Time (In Seconds) of page load, pdf load, etc.?

11 Jul 2011 - 11:59am
3 years ago
2 replies
2062 reads
aronoff
2010

Hi Everyone,

Is there a tried and true time (in seconds) of proper page load, link opening (say, opening and loading a pdf.) etc. that is the industry average? I realize that theres instances that are the exception. I'm trying to find a specific example that i can use as a UX benchmark to give to testers as a best practice.

Thank you all!
~Josh

P.S. If you could cite references that would be awesome. Cool

Comments

11 Jul 2011 - 12:01pm
aronoff
2010

Keep in mind, that we have instances of showing a feedback loop, on screen, of data etc. so this is an example of response time, in page load. So, it could either be, load page in full, or load partial load then display data as it's available.

11 Jul 2011 - 1:26pm
bjminihan
2010

I did a study on this subject about 4 years ago, while attempting to build a "standard page-load time" for my company (a rather large one, with several dozen enterprise development groups).  I started with Jakob's Alertbox that roughly approximated 8-10 seconds as the time at which people "tend to" think a page is unresponsive and potentially leave to find a better solution.

We initially enforced 8 seconds as the max page load time.  Unfortunately, that became the minimum, and many of our usability studies (over the next year) showed people couldn't stand how slow most of our systems were.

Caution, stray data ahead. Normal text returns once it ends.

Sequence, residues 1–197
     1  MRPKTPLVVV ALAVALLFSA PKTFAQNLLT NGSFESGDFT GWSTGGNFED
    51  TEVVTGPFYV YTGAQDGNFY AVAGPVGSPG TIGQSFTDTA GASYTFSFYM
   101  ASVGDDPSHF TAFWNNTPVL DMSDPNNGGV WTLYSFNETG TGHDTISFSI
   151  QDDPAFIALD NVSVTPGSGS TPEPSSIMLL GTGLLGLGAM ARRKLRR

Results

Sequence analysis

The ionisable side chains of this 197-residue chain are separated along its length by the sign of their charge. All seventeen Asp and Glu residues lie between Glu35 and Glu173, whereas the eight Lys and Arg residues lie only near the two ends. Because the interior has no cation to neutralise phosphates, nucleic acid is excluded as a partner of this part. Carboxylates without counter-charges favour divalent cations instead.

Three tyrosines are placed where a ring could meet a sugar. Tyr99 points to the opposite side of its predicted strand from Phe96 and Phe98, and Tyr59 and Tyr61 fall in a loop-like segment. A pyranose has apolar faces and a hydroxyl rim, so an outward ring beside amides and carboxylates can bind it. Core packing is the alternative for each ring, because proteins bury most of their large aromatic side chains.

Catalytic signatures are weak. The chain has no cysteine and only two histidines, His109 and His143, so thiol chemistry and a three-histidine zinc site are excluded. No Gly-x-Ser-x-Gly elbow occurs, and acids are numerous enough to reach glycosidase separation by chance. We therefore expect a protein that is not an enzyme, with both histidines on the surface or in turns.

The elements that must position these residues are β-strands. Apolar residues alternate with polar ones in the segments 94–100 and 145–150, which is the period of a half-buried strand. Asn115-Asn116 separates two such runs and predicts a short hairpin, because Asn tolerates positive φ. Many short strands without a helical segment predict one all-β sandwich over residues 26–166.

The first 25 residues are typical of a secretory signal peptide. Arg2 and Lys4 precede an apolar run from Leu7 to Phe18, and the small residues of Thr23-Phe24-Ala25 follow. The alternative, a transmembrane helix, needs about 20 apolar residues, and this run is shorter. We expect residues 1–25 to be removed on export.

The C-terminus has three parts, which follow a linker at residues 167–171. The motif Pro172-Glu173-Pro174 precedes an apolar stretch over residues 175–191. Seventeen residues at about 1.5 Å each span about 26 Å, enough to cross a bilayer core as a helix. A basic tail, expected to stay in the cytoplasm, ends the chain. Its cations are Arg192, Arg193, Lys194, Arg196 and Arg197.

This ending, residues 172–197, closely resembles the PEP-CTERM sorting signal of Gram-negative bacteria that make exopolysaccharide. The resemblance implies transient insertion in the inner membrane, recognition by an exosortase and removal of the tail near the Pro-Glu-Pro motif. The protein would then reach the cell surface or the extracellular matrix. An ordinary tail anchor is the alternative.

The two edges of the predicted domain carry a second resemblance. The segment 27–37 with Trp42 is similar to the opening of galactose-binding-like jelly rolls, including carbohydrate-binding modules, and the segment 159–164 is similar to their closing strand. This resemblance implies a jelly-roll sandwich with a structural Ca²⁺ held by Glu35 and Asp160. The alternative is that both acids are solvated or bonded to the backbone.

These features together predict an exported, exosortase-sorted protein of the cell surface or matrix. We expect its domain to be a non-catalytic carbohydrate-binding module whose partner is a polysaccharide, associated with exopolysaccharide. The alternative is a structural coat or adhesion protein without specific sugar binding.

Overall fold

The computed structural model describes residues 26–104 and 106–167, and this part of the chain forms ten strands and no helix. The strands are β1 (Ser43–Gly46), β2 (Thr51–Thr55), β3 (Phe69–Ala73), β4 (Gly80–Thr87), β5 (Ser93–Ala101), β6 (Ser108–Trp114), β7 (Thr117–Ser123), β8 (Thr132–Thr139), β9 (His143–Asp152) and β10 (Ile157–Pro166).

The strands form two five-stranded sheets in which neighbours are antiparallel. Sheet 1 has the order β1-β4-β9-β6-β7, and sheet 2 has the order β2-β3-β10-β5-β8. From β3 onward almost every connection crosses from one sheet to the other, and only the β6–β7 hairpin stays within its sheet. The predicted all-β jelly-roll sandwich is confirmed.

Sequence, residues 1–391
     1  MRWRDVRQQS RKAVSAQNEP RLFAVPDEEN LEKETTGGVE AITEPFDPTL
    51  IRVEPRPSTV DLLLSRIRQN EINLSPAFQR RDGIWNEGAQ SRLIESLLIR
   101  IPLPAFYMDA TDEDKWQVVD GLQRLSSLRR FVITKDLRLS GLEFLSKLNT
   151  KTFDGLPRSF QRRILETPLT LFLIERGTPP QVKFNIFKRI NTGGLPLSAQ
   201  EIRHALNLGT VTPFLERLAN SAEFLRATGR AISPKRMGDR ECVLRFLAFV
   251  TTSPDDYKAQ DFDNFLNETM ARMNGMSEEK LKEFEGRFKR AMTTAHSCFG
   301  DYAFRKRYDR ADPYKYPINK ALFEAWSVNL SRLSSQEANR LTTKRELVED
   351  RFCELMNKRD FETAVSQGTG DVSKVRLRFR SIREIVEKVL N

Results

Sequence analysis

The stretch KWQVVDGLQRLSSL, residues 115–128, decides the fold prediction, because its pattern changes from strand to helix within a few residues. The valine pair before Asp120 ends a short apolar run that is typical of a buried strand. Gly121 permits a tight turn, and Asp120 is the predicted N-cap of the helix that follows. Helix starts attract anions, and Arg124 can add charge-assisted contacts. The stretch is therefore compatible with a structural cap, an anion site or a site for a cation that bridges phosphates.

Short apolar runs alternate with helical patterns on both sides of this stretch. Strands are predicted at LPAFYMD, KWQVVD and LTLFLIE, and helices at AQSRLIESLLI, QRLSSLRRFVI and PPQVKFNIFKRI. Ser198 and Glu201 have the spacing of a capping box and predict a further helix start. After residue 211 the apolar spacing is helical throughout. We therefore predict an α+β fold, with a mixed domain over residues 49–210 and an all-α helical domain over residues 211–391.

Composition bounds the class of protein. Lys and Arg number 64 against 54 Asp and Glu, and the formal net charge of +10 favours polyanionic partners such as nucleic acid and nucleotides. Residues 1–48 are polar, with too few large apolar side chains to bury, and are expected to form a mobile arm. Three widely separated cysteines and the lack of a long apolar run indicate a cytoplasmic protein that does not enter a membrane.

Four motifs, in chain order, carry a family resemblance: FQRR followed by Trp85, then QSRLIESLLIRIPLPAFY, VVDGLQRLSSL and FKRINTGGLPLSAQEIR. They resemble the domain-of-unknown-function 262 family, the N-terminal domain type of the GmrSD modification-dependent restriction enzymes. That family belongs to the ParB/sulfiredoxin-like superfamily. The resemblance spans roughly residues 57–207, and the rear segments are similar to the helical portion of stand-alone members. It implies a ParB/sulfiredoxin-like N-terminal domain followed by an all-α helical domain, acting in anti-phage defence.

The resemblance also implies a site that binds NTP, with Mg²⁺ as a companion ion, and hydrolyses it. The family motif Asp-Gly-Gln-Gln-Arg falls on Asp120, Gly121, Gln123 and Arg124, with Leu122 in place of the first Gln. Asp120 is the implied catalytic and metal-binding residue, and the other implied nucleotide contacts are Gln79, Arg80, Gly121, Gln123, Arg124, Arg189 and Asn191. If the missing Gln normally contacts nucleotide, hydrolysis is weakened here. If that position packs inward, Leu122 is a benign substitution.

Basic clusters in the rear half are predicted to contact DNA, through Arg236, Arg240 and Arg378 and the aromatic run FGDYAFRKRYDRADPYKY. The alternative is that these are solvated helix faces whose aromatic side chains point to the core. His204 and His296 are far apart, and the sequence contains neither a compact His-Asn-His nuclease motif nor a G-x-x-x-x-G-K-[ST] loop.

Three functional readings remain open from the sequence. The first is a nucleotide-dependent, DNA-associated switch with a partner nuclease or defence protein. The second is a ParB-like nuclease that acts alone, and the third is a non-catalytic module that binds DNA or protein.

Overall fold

So we changed the standard to 4 seconds as the average, with 8 seconds being the absolute max.  The new standard wasn't embraced too well, but it was the right amount of time for almost everyone we studied.

Regardind dynamically loaded content, we had a provision in the standard that allowed for the initial page to load in 4 seconds or less, while additional (ajax) content could take 4 seconds on top of that, *as long as the user had some indicator explaining what was going on*. 

There was (and I think, still is) a reasonable assumption from people that if they know what's about to happen, and how long it should take, they are more acceptable to longer load times.  You just need to set their expectations. 

For example, if someone downloads a 40 page lab report from your web site, tell them the file is 17MB in the link, which app is used to read it (hopefully, PDF or something similar), or provide the file in smaller bites that load faster.

Of course, there are certain places you never want to make people wait:

  • Asking for money
  • Validating information they voluntarily gave you
  • Finding out how to contact you off the web

 

Don't know if the above is definitive enough for you, but (for what it's worth), some non-designer folks appreciate Jakob Niellsen's Alertbox reports, even if they're sometimes oversimplified in practical application.

Bryan

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